Scientists have warned that chemicals used to fireproof millions of British sofas could be linked to a surge in deadly thyroid cancer.
A conference next month will hear evidence that flame retardants such as decaBDE — decabromodiphenyl ether — used in most domestic sofas and mattresses, can cause cancer in adults and cognitive deficits in children.
It comes after government ministers were repeatedly warned by the civil servant in charge of furniture fire safety policy that the chemicals could be “deadly”.
Terry Edge quit the Department for Business, Energy and Industrial Strategy (BEIS) last year after his proposals to restrict them were not implemented despite briefing civil servants and ministers since 2013.
“The evidence is clear that flame retardants in our sofas are killing people,” said Edge. “They are causing thousands of cancers and other illnesses, with children particularly vulnerable.”
Next month’s symposium on flame retardants in York will be told of evidence linking the chemicals with thyroid cancer, rates of which have risen 74% in a decade, according to Cancer Research UK.
“The chemicals are released as household dust and enter our bodies on our food and hands, with the highest levels in children,” said Heather Stapleton of Duke University in North Carolina, who is a speaker at the symposium.
“Our study looked at people with thyroid cancer and at healthy controls. We found the group with cancer had significantly higher exposure to decaBDE.”
The scientists found that exposure in pregnancy or before the age of four was linked to cognitive deficits.
This month a meeting of signatories to the Stockholm convention, a UN treaty to restrict pollutants, is set to ban most uses of decaBDE, with existing products deemed hazardous waste.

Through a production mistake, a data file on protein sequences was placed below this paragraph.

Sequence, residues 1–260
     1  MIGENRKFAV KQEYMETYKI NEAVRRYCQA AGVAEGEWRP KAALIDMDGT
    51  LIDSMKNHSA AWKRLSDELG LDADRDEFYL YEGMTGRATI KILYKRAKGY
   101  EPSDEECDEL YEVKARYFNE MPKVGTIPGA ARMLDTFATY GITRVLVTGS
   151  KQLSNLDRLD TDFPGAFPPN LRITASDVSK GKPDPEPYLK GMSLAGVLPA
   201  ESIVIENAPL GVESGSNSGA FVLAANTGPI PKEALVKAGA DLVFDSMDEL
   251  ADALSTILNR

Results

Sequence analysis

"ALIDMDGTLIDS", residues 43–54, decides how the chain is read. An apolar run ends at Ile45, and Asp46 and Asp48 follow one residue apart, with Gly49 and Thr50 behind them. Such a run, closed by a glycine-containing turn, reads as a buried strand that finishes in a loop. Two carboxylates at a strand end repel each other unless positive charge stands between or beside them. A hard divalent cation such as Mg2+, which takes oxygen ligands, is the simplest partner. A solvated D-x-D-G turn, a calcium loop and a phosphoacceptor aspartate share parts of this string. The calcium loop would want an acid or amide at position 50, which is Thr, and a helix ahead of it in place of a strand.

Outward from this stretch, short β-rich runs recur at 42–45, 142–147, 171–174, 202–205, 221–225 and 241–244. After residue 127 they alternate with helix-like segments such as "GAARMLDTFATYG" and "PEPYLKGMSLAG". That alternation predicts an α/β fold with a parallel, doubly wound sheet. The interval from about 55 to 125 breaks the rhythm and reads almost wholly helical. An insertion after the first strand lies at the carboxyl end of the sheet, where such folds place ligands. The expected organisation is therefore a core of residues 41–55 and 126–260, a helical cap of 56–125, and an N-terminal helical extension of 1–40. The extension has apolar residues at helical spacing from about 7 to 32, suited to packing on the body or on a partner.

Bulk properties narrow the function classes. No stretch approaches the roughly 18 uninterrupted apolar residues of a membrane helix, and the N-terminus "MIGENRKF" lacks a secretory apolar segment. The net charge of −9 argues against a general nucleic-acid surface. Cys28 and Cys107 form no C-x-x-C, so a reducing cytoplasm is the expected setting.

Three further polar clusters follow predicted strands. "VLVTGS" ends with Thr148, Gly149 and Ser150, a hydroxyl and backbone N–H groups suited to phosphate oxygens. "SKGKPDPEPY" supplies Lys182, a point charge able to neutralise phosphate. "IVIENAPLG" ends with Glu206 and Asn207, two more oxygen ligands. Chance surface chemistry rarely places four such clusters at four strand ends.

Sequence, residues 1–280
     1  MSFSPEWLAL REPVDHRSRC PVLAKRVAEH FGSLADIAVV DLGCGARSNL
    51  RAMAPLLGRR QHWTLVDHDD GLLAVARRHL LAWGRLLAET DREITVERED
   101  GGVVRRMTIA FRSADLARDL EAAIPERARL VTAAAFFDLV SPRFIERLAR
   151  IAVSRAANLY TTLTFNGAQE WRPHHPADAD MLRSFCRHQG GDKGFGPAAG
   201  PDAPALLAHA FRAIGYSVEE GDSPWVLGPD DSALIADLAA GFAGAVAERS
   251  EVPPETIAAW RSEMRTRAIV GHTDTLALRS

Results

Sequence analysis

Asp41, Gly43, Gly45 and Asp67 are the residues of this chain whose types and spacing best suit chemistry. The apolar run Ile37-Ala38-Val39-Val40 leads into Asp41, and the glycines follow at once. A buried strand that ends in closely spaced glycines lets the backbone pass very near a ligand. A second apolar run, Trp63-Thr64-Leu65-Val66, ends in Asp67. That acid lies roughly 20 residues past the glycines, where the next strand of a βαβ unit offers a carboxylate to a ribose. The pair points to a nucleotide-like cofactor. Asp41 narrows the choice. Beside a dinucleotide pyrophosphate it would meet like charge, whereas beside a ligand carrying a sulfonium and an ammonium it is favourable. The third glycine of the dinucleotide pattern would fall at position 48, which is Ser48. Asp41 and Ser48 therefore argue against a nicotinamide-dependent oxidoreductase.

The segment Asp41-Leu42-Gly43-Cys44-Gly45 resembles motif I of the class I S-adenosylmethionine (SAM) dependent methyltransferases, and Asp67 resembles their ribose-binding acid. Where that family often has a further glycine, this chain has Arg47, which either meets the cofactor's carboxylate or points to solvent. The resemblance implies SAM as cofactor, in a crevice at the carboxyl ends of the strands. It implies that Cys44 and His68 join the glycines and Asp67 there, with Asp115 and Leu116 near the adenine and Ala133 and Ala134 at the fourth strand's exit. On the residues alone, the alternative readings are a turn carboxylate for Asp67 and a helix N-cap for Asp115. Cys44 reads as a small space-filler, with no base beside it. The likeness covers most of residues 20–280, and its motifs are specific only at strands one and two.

The UK is a signatory and supports the ban.
“If our science committee’s recommendations are agreed then at the end of their life, products containing decaBDE become hazardous waste and cannot be recycled,” said Kei Ohno Woodall, of the convention secretariat.
Asked about sofas and mattresses, she said: “They must be burnt in a high-temperature incinerator or buried in a waterproof landfill engineered to stop the contents leaching out.”
The BEIS said it was unable to comment on ministerial briefings. “We are developing new regulations to keep pace with changes to manufacture and consumer tastes,” it said.
Jonathan Hindle of the British Furniture Confederation, said concerns about decaBDE meant it was being phased out. “We are aware of the potential waste disposal issue . . . and will work with the authorities.”
The British Plastics Federation, whose members include retardant makers, said the ruling would create waste problems owing to the presence of decaBDE “in a lot of furniture in the UK”.
The Sunday Times